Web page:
“Among other castes (non-Brahmins), there is the practice of eating meat and drinking liquor. If people used to eating satvik food start eating in such company, they run the risk of developing friendship with other castes and take to eating meat and drinking liquor!”
ROFLMAO, as they in Internet slang.
News reports have quoted the swamiji thus at a conference of Brahmins in Shimoga. The conference was debating the topic, “How to retain our (Brahmin) identity while developing harmony with other castes?”
It may cause mirth in some quarters, but it is more likely to evince rage among the usual suspects who by taking him on frequently for his periodic verbal excesses bestow him with undeserved importance.
Reports say that the controversial seer has for the first time “explained” why Udupi’s Sri Krishna temple doesn’t have an arrangement for people of all castes to eat together. He went on to defend the denial of opportunity for sahapankti at Udupi saying “even Basaveshwara didn’t approve of “sahapankti bhojana” with meat-eaters.
Vegetarianism was one way of “saving Brahminhood” and “vegetarianism promotes virtue,” he told the conference.
The inspiration for Hindutva rabble rousers like Uma Bharati and a leading light of the Ramjanmabhoomi campaign, didn’t stop at that. He went on to decry the trend of inter-caste marriages, saying they tend to interfere in the way people live and create imabalances.
There was more such nonsense from the seer.
According to him, if Muslims and Christians are in the habit of being regular in their religious practices it is because of Brahmins. He didn’t explain how though. But in recent times, Brahmins were not regular in daily practices like sandhyavandane, he bemoaned.
Controversy is the Udupi seer’s second name.
Only recently, he had subtly defended “madesnana”, the disgusting ritual of non-Brahmins rolling on the plantain leaves off which Brahmins have eaten. After protests against the practice intensified, he altered his stand saying if the government bans it he wouldn’t oppose it.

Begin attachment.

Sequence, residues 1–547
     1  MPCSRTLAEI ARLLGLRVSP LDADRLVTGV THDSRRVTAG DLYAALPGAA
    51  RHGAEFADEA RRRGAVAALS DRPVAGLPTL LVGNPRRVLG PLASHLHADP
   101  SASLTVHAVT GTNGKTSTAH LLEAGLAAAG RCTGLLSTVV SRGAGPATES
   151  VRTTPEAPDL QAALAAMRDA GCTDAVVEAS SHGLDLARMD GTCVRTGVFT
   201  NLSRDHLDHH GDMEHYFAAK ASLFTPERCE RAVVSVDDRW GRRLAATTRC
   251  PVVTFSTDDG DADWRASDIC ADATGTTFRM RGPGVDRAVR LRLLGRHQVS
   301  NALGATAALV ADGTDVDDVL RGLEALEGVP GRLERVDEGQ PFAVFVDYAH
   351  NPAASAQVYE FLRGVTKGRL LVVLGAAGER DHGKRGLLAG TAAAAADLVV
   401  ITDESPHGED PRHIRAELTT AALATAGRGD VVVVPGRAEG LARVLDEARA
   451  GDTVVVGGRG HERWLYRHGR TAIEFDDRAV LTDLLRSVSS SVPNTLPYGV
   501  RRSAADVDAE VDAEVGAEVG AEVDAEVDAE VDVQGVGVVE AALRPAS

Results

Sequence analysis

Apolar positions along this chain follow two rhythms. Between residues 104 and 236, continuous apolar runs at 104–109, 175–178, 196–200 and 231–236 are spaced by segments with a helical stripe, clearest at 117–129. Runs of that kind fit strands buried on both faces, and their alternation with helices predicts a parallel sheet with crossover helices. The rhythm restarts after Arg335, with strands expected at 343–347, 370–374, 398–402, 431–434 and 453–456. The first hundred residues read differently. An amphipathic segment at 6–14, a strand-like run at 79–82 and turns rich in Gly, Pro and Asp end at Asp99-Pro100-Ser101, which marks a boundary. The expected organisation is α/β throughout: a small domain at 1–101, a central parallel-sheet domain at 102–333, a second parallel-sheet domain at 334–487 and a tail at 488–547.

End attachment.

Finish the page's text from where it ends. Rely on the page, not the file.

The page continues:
And before that, he had begun visiting Dalit colonies only to be rebuffed by Dalit leaders. The head of the Nidumamidi Mutt had then countered that visiting Dalit colonies would change nothing, telling Vishvesha Teertha that he would bow before him if he allowed a Dalit to enter the sanctum sanctorum of the Krishna temple in Udupi and offer pooje there.
Incidentally in 2010, the Krishna temple had been denotified by the BJP government in Karnataka and handed over to the ashta mathas (eight seminaries of the Madhva order) at the instance of Vishvesha Teertha, even while there was a claim to the temple by the backward K uruba community.
Conferences of Brahmins were not like the meetings of other castes, according to the Pejavar seer.
“Here we discuss the welfare of the entire Hindu society,” he declared.
But far from showing concern for the larger good of Hindu society, reports seem to suggest that the focus of the conference was more on uniting Brahmins owing allegiance to the three (trimathastha) different philosophies more than anything else. As if they had done something revolutionary, the 13 Brahmin religious heads present resolved to promote the idea of marriages within the larger Brahmin community, irrespective of its sub-sects.
File photograph: Activists of the centre of Indian trade unions (CITU) eat jawar rotis at a protest rally in Bangalore in July 2011 (Karnataka Photo News)
Also read: ‘Brahmins need a deeksha to awaken empathy’